Hah! This is what we have been waiting for! Economists are now borrowing from the education research literature to develop value-added metrics for physicians. Next, I hope, will be the development of VAMs for lawyers and soon you will hear the screams of outrage not only from the American Medical Association but the American Bar Association. With the economists figuring out metrics to measure these politically powerful professions, teachers won’t be alone in their battle against obsessive compulsive metrical disorder. If only someone would come up with VAM for elected officials! Better yet, how about a VAM for economists? For example, how often do their predictions about the economy come true?


Here is how you measure the value-added of physicians according to the link above from the National Bureau of Economic Research:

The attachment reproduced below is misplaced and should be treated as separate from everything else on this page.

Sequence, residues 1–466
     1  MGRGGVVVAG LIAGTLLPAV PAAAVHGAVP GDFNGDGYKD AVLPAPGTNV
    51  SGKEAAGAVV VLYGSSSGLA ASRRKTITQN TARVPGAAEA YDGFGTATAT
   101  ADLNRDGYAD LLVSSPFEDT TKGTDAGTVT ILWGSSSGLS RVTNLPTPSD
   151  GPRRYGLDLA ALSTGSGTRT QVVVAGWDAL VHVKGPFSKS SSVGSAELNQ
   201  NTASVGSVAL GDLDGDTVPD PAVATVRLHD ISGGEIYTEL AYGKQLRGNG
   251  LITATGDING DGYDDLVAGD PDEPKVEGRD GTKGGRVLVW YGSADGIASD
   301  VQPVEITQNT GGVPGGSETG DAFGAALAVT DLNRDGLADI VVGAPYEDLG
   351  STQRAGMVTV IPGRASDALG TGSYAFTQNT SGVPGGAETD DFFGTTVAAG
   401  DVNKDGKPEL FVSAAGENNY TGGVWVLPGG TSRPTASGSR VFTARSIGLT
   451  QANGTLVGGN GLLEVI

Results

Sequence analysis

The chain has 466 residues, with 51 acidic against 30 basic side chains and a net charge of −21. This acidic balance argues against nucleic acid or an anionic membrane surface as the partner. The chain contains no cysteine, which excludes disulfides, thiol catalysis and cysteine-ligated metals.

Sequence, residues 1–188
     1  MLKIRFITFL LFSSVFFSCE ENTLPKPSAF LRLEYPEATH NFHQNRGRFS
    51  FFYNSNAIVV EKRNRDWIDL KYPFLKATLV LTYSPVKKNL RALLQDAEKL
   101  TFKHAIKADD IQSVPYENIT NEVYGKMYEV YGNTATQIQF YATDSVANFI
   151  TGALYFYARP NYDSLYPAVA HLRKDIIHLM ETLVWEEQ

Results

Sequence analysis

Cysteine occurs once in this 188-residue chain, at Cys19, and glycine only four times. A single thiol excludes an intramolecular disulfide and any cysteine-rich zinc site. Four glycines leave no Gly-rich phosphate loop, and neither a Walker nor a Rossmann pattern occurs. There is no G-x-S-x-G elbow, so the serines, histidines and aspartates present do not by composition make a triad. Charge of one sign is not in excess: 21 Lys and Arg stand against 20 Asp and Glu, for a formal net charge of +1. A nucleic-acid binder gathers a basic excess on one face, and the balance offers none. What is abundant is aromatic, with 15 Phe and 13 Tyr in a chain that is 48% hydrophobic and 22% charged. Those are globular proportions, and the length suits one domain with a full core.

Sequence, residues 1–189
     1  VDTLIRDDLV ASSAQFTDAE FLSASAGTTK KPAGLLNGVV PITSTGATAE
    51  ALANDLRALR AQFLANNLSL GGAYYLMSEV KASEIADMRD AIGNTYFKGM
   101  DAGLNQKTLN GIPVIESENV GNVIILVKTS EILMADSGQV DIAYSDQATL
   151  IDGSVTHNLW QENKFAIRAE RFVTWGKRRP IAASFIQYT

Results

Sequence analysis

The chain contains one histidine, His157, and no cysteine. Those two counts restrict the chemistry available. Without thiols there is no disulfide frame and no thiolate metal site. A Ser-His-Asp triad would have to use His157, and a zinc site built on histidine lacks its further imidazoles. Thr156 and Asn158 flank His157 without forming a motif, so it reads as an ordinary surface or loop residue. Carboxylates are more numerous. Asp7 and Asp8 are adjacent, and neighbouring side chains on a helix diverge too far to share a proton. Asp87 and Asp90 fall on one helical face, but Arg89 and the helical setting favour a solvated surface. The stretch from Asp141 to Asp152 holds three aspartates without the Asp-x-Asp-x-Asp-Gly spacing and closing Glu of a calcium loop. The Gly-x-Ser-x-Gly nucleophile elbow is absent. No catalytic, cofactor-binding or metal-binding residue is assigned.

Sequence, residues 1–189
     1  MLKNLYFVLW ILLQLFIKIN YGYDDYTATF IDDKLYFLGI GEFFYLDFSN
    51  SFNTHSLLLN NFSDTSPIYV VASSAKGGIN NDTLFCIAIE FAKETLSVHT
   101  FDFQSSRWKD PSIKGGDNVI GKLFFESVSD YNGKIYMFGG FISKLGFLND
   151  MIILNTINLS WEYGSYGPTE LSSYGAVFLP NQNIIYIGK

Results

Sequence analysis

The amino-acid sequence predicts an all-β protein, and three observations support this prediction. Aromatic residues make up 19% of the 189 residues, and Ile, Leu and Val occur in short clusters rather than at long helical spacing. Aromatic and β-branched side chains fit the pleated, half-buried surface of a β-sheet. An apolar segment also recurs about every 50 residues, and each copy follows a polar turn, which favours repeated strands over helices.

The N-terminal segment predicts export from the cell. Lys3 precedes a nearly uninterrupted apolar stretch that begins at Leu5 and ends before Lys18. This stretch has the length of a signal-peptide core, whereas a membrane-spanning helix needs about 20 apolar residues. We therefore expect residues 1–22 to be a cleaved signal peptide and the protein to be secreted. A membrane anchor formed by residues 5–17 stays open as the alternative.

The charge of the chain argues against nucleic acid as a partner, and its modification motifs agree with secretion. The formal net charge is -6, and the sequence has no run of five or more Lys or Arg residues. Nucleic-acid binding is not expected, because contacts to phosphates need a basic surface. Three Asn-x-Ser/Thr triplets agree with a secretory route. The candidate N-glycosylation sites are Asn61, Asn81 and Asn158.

“Despite increasing calls for value-based payments, existing methodologies for determining physicians’ “value added” to patient health outcomes have important limitations. We incorporate methods from the value added literature in education research into a health care setting to present the first value added estimates of health care providers in the literature. Like teacher value added measures that calculate student test score gains, we estimate physician value added based on changes in health status during the course of a hospitalization. We then tie our measures of physician value added to patient outcomes, including length of hospital stay, total charges, health status at discharge, and readmission. The estimated value added varied substantially across physicians and was highly stable for individual physicians. Patients of physicians in the 75th versus 25th percentile of value added had, on average, shorter length of stay (4.76 vs 5.08 days), lower total costs ($17,811 vs $19,822) and higher discharge health status (8% of a standard deviation). Our findings provide evidence to support a new method of determining physician value added in the context of inpatient care that could have wide applicability across health care setting and in estimating value added of other health care providers (nurses, staff, etc).”